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Huntsville Hospital CEO says Alabama consumers unlikely to benefit from planned insurance changes

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HUNTSVILLE, Ala. -- President Trump today signed an executive order Tursday addressing health care changes, expected to include a move popular with many conservatives -- allowing insurance companies to sell health policies across state lines.

North Alabama Congressman Mo Brooks (R-5th) and GOP Senate candidate Roy Moore are among those who’ve called for the new insurance rules.  They’ve argued it will help bring costs down and make the insurance market more competitive.

But Huntsville Hospital CEO David Spillers said Alabama consumers are unlikely to notice a difference related to the insurance proposal.

“Well, I don’t really think it’s going to benefit Alabama at all,” Spillers told WHNT News 19 Wednesday. “I mean today you could have CIGNA, you could have United, you could have any of those national firms in here, and they really don’t have a foothold, because Blue Cross has the market share in this state.”

Spillers said Blue Cross & Blue Shield of Alabama has made the state a tough market to enter.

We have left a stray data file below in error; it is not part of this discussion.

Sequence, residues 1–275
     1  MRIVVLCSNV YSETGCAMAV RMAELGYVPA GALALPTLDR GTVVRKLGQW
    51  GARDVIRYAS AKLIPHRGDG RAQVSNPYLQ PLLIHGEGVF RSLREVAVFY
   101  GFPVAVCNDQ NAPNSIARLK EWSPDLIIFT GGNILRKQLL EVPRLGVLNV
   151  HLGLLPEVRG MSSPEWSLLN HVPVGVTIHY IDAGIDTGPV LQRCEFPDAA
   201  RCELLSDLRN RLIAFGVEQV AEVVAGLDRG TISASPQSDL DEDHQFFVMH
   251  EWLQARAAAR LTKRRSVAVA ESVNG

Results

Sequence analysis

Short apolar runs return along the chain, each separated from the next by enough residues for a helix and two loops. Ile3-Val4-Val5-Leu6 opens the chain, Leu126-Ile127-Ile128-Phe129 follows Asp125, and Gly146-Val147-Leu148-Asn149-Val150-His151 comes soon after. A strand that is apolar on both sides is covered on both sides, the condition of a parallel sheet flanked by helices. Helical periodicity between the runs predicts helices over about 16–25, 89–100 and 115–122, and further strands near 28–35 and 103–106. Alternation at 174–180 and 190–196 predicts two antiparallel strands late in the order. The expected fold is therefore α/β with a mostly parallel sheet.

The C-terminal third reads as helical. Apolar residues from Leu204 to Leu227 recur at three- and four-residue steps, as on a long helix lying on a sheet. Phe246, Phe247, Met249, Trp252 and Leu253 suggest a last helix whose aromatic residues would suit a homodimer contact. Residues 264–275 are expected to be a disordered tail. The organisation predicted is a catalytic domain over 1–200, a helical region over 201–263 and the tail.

“You know Blue Cross of Alabama is very large, but they’re highly efficient. They have negotiated rates with providers that are extremely low,” Spillers said. “So it makes it a situation where it’s hard for somebody else to come in and negotiate with me and put out a competitive product with the Blue Cross product.”

Spillers said the healthcare market is also unlike other markets for consumers and companies.

“You really consume things based on how much money you can afford to pay,” he said. “Health insurance is totally different, we consume things with the assumption that somebody else is going to pay most of it, and I’m going to receive the benefit. That totally disconnects health care from economics.”

Spillers also said Alabama health will be affected if Congress fails to renew the CHIP, Children’s Health Insurance Program. The program provides about $90 million in federal funding to Alabama to help with health care costs for low-income families who make a bit too much money to qualify for Medicaid.

CHIP funding through Alabama’s All Kids program covers about 160,000 kids.